Criminal code: Doctors to halt services except for emergency todayThe Nepal Medical Association has announced to shut down all the medical services except emergency care on Sunday as part of its phase-wise protests over the provisions of the newly enforced Criminal Code aimed at curbing medical negligence and recklessness by doctors.
The Nepal Medical Association has announced to shut down all the medical services except emergency care on Sunday as part of its phase-wise protests over the provisions of the newly enforced Criminal Code aimed at curbing medical negligence and recklessness by doctors.
The association will stage demonstrations at Maitighar Mandala in Kathmandu and in the District Administration Offices across the country.
In a statement on Friday, the association announced a series of protests citing the government’s reluctance to amend the Criminal Code or to add the “jail without bail” provision for the accused.
According to NMA President Dr Mukti Ram Shrestha, the new code has instilled fear among doctors who work under pressure. “The government has missed its second deadline [August 31] too, giving us no option but to go ahead with our protests nationwide,” Shrestha told the Post. The medical fraternity has strong reservations over the new Criminal Code, which came into effect on August 17. The Ministry of Law, Justice and Parliamentary Affairs had pledged to amend the provisions.
Section 232 of the code spells out three-year jail and Rs30,000 fine or five-year jail and Rs50,000 fine if a doctor is found guilty of negligence or recklessness while treating a patient, including faulty prescriptions that cause patient’s death.
“If a doctor is found guilty, there should be no compromise on action but the government’s investigation mechanism is not clear. How will the government decide if the accused is guilty or not?” wondered Dr Madan Prasad Upadhyay, a former dean at the Institute of Medicine.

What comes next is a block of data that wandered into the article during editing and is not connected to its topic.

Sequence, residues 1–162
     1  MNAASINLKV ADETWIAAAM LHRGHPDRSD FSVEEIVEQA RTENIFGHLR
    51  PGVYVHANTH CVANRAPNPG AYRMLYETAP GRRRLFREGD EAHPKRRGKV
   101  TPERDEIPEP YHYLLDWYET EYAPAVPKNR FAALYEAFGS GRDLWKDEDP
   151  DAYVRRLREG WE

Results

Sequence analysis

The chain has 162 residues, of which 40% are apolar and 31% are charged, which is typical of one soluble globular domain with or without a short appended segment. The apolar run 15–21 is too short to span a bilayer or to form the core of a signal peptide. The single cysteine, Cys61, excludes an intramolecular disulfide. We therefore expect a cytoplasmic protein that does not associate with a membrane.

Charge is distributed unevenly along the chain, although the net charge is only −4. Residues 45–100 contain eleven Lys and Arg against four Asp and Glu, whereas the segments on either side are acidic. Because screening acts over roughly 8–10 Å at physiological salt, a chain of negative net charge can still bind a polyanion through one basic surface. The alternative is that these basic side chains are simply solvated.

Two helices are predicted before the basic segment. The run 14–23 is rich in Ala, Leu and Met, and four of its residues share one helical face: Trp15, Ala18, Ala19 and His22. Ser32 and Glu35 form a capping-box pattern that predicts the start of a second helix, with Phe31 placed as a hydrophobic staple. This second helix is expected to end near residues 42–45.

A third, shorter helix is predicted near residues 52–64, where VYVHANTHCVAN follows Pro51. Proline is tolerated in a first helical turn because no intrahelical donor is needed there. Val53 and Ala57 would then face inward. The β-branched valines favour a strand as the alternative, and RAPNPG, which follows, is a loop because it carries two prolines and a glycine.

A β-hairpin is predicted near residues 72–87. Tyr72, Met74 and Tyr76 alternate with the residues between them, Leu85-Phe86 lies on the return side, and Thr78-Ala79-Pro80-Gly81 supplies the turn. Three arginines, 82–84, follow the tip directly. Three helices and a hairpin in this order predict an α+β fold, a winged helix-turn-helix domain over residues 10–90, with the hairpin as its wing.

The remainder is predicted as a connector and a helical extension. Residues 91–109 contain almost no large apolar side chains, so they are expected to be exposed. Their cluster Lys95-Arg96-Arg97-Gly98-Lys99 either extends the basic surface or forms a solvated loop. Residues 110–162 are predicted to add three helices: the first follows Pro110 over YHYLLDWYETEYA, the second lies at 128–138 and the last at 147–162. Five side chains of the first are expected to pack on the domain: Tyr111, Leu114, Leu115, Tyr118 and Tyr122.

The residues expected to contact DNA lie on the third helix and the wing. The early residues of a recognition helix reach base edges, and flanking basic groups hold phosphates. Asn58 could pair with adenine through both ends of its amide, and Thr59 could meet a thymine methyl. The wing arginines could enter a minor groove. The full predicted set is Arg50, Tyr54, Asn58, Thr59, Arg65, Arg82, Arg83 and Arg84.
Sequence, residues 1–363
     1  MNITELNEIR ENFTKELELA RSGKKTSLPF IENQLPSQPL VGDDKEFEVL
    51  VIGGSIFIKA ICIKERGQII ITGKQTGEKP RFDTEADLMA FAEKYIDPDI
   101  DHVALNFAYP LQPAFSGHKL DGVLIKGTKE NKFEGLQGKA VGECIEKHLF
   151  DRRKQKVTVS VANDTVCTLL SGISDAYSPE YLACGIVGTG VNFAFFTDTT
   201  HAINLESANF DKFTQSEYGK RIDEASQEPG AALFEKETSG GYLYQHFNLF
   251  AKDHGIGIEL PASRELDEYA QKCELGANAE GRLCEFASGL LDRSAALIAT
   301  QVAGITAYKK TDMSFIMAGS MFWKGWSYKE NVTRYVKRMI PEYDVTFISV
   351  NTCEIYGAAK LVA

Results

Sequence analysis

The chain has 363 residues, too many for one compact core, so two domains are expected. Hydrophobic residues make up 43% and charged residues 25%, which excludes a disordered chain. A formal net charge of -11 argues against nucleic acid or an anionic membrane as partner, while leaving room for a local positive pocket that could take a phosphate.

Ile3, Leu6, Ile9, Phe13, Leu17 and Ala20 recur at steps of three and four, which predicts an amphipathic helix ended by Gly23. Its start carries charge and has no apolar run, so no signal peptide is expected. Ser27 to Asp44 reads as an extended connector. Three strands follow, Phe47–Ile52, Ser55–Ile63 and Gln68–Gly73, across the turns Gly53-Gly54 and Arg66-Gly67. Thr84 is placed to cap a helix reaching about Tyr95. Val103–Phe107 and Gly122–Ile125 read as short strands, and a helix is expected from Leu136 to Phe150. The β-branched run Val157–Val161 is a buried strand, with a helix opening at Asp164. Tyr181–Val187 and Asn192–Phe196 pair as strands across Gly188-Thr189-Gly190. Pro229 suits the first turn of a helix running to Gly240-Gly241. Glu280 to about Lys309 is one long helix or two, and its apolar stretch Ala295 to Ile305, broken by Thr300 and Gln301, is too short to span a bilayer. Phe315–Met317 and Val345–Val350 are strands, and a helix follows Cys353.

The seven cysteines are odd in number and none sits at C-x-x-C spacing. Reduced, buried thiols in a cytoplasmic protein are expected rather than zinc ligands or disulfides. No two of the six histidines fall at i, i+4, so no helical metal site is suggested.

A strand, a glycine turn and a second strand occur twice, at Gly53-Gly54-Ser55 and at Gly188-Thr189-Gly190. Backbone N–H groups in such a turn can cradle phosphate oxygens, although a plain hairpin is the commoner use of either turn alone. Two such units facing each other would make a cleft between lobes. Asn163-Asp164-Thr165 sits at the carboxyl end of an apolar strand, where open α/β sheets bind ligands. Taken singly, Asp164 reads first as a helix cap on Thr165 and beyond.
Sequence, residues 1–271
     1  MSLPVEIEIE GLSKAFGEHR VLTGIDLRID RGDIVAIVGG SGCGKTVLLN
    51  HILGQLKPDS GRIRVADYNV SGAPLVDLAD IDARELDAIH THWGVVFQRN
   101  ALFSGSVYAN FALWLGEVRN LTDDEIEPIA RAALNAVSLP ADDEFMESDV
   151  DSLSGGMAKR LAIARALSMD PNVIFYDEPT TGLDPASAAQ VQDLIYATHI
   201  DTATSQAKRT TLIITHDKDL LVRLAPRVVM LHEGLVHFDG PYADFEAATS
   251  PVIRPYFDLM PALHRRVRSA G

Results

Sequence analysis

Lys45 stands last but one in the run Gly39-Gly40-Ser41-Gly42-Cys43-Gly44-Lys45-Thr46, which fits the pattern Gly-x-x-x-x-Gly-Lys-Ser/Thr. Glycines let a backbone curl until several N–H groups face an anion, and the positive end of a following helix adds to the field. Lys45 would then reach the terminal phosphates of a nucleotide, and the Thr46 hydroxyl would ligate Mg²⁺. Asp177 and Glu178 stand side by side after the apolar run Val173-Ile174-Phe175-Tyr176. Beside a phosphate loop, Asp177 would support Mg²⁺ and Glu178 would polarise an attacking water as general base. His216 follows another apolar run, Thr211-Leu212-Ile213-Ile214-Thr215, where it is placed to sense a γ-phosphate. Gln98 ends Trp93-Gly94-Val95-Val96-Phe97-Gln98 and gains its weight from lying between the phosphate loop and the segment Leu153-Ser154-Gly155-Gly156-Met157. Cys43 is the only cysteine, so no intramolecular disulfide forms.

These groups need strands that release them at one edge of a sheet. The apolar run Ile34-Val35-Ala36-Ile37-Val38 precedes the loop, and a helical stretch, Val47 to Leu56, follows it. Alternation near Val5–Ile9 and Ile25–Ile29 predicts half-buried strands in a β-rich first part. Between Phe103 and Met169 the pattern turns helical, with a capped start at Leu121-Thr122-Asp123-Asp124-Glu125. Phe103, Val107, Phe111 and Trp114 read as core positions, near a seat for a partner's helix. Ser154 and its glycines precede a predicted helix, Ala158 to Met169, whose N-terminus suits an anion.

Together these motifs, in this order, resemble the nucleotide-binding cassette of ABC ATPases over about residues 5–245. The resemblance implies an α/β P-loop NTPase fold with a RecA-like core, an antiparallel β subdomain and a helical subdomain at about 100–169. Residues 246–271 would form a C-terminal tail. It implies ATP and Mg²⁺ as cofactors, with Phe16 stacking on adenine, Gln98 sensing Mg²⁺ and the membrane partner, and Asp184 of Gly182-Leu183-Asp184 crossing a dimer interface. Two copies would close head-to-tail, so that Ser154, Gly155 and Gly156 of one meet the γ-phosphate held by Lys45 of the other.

Legal experts have expressed concerns over Section 232 of the code. Four days after the new codes came into effect, Advocate Yagyamani Neupane filed a writ petition for annulling eight provisions of the new Civil and Criminal Codes.
“With the new provisions, medical services will be regularly disrupted as patient’s family members will file cases, mostly when a patient dies,” Advocate Baburam Aryal told the Post. “Also, under the new Criminal Code, doctors will be arrested [before investigation] and put behind the bars, giving them narrow space to prove their innocence.”
As part of its phase-wise protests, the NMA will halt administrative works at all the health institutions on September 3 and will stop admitting patients except for emergency from September 4.
On September 5, the NMA will only allow emergency surgeries, followed by a shutdown of all laboratory and radiology services except for emergency cases on September 6. From September 7, all medical services including OPD, barring Emergency, would be shut down until the doctors’ demands are met.